Scotland may be famous for its tartan and whisky but there’s something even more wondrous lurking in its woodland – the Scottish wildcat. Sometimes known as the Highlands Tiger, this wildcat is a subspecies of the European wildcat and the last predatory mammal still living on British soil. Long extinct in England and Wales, the wildcat can now only be found in the woodland and shrubland of the Scottish Highlands, but the population is decreasing, with fewer than 100 of them left roaming the wilderness.
Although they resemble an everyday tabby at first glance, Scottish wildcats differ wildly. As well as being 25% larger, they have thicker skulls, coarser fur, and blunter tails than domestic cats and although they purr, they don’t meow. In fact, their behaviour is more akin to that of a lion or tiger than a pet and, even if raised by humans from infancy, their predatory spirit remains untamable. They are thus thought to be the only untameable animals in the world. When speaking of these creatures, wildlife journalist Mike Tomkies stated: "They'll fight to the death for their freedom; they epitomise what it takes to be truly free." So, whilst they are undeniably adorable, you wouldn’t want one of these slinking through your cat flap.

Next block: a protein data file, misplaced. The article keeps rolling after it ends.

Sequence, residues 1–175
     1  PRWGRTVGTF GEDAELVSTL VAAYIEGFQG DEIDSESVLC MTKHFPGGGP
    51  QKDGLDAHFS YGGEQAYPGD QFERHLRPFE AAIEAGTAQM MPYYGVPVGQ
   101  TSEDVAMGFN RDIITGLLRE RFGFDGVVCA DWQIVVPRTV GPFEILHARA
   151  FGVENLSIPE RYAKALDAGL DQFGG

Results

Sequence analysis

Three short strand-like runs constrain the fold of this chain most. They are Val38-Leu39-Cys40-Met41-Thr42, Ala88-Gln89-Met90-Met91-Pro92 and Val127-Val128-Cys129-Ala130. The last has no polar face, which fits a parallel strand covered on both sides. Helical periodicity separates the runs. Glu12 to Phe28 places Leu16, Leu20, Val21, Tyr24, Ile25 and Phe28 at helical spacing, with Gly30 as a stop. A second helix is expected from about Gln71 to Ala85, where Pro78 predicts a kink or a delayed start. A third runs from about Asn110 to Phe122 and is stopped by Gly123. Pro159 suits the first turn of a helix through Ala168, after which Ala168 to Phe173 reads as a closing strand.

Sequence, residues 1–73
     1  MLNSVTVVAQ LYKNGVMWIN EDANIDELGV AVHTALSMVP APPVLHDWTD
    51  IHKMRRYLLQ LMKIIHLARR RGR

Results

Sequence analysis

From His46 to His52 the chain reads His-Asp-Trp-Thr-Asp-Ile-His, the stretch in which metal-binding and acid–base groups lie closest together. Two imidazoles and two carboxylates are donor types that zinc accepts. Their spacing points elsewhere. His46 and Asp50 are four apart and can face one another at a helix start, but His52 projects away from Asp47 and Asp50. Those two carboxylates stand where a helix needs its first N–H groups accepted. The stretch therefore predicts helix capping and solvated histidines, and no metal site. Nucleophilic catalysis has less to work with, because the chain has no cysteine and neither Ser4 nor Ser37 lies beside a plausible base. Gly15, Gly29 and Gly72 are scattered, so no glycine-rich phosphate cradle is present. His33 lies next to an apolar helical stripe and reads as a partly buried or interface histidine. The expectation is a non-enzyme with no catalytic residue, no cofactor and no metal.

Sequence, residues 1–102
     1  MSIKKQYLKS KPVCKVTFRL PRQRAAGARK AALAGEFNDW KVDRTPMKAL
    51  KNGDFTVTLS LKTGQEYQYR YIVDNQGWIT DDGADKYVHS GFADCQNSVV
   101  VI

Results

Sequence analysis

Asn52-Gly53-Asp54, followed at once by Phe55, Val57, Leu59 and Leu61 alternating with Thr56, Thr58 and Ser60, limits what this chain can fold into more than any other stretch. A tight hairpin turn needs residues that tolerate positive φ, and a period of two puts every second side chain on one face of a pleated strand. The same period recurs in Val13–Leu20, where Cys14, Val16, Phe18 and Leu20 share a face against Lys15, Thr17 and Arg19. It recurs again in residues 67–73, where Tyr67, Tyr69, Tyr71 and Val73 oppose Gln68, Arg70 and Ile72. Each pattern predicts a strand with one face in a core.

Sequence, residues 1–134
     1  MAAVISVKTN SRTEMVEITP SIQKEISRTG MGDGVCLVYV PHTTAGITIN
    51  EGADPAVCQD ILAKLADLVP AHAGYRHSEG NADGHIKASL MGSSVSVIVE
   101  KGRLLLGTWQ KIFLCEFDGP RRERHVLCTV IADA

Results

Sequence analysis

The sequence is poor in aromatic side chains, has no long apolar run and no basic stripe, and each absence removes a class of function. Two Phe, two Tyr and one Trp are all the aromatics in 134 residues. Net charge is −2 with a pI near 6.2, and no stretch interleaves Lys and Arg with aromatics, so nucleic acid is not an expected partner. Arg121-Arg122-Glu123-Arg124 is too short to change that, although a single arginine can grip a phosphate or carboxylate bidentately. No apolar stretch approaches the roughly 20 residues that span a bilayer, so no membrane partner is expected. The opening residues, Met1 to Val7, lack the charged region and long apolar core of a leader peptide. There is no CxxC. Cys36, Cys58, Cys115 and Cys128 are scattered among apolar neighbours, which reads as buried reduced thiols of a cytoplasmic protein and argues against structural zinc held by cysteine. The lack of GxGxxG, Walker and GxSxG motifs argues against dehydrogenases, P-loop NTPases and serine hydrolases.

The wildcat’s dwindling population is heartbreaking news for Scotland, and the world, as their presence brings a whisker of magic to the Scottish landscape. The traditional icon of the Scottish wilderness, it is thought to be the inspiration behind the Cat sìth, a feline fairy creature from Celtic mythology. According to a legend, the Cat sìth could switch between a witch and a cat nine times, paving the way for the idea that a cat has nine lives.
However, these wildcats are fighters. Just last month, a pair of Scottish wildcat kittens was discovered, sparking fresh hope for the survival of the species and in March, a large Scottish wildcat was captured on camera in an Aberdeenshire forest. This is great news for the population and, alongside the work of Wildcat Haven, a Highland-based fieldwork project that works to protect the Scottish wildcat, it seems that the Scottish wildcat’s future is looking optimistic. Maybe the species really does have nine lives.